Objectives: To understand the nature and importance of cometary knots and other structure within planetary nebula What are they, how do they form and disappear?

Дата канвертавання24.04.2016
Памер16.93 Kb.

PH700 PN project notes Professor Michael Smith

To understand the nature and importance of cometary knots and other structure within planetary nebula.. What are they, how do they form and disappear?
To identify the current major issues in this field. To suggest solutions. To determine the future prospects for progress in this field.

Use virtual observatories to investigate a number of objects.
Conduct a literature review of well-studied PN with cometray knots/globules.
What are the related structures: are small arcs an earlier stage? Are long radial lines an indication of the later stages?
Are the cometray globules visible/detectable at specific wavelengths? In radiation originating from molecules, atoms, dust…..?
Read papers on the the theory. Quantify results, present graphs, histograms, if possible/sensible. i.e. Gather together info you think relevant into a table and then look for correlations.....
How to use Aladin
How to use the ADS
First task: Write Abstract ......... could base it on this:

Evolution of Molecular Gas and the Origin of Cometary Knots in Planetary Nebula


Speck, A.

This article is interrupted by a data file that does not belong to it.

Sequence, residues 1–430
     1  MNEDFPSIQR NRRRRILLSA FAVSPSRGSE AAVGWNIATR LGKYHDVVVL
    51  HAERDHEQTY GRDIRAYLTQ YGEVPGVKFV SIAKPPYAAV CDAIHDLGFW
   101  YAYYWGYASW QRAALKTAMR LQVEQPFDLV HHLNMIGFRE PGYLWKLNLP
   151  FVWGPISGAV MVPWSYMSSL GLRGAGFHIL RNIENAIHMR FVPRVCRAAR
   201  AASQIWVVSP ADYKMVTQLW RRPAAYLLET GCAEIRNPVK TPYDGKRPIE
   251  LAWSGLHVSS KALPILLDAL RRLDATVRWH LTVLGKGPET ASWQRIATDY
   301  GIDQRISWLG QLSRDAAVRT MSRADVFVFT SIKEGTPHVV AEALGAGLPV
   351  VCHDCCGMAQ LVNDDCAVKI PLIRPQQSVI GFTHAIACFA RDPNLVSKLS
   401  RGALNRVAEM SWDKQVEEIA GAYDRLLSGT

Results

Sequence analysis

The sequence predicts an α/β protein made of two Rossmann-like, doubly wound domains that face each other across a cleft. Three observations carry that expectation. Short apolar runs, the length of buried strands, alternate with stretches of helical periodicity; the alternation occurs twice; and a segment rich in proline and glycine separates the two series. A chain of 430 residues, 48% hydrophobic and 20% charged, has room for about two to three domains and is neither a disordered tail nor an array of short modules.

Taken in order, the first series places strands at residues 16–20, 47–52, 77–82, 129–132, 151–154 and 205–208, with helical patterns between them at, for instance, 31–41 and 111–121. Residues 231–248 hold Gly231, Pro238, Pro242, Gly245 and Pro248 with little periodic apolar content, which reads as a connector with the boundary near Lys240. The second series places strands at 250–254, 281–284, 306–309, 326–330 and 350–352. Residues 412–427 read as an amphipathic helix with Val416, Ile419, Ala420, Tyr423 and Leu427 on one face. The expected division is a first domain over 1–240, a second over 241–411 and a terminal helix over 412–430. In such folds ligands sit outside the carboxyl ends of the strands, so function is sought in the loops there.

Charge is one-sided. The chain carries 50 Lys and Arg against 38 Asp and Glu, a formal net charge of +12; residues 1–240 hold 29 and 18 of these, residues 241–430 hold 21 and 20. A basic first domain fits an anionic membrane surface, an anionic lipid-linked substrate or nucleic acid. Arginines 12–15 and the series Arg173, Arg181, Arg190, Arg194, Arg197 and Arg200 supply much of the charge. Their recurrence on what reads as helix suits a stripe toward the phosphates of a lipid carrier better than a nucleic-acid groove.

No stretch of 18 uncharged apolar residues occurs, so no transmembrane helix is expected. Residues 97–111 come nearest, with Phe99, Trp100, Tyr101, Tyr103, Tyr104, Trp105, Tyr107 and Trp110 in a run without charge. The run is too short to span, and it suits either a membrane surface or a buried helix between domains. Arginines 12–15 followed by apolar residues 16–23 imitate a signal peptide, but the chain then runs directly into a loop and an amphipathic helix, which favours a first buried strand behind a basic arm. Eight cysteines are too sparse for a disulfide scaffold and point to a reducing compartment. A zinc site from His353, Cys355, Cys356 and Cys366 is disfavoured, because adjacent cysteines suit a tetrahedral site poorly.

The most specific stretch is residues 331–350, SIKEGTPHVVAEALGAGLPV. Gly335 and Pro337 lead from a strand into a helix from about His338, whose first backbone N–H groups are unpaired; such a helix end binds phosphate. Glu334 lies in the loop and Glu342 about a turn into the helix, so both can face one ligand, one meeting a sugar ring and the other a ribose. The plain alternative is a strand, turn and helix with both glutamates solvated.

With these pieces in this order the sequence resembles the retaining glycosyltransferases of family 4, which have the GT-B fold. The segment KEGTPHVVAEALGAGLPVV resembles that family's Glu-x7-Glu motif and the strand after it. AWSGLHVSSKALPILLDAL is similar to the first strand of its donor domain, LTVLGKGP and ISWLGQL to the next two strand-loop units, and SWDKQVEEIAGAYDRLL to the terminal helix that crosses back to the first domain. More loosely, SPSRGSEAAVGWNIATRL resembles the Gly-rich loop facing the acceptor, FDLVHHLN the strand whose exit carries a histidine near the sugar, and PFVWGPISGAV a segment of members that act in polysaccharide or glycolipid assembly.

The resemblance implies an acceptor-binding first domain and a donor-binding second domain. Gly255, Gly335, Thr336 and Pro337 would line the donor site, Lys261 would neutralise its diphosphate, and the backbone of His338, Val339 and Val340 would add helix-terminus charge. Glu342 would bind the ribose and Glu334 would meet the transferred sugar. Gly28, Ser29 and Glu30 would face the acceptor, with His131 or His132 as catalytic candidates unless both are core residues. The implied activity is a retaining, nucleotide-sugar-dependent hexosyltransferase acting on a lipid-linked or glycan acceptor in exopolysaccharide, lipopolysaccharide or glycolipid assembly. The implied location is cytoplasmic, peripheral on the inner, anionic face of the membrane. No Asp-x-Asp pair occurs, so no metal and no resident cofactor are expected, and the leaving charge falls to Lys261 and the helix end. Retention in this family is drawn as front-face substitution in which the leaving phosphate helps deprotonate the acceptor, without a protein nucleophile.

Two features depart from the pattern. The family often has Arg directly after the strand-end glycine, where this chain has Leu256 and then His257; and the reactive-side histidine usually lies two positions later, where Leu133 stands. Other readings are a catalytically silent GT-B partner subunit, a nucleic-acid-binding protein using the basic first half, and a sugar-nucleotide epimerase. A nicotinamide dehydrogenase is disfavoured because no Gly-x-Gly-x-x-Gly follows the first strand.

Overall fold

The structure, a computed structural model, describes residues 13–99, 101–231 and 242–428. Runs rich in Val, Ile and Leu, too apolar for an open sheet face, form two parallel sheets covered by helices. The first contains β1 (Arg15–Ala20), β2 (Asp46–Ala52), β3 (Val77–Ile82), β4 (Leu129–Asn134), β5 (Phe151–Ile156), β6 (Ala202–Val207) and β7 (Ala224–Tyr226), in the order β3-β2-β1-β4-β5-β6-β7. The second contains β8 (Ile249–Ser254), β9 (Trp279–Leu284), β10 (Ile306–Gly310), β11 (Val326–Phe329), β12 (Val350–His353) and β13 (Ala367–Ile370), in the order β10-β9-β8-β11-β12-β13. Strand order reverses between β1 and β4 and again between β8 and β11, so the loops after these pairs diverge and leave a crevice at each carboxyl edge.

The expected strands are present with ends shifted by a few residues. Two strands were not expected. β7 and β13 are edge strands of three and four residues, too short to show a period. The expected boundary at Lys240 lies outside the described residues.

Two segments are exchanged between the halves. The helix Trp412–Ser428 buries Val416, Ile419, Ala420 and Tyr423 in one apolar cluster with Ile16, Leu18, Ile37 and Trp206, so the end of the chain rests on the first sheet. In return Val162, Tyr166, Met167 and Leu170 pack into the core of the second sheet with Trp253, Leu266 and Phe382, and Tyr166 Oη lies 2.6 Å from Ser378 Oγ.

Planetary Nebulae {PNe}, as the final phase of evolution for intermediate mass stars, are major contributors to the enrichment of the interstellar medium {ISM}. In PNe, a hot central star illuminates a gas and dust shell which was ejected during earlier evolutionary phases. UV radiation from the star creates an ionized region bounded by neutral gas and molecules. A better understanding of the nature of the molecular and ionized gas envelopes of PNe is important to our understanding of the evolution of PNe and their contribution to the enrichment of the ISM. Knots and filaments in the ionized gas images of PNe are common, if not ubiquitous. Additionally, it has been shown that molecular gas exists inside dense condensations within the ionized regions, but the origins of these clumps are not known. We propose to study the morphologies of both molecular and ionized gas for five PNe that have been imaged by both WFPC2 and NICMOS {at the 2.12um H2 line}. The structure and appearance of the knots in ionized and molecular gas for each PNe can be compared to assess the evolutionary status of the molecular clumps and how it is affected by the evolutionary status of the whole PN. This will aid our understanding of the origin of the molecular knots, and the enrichment of the ISM by dying intermediate mass stars.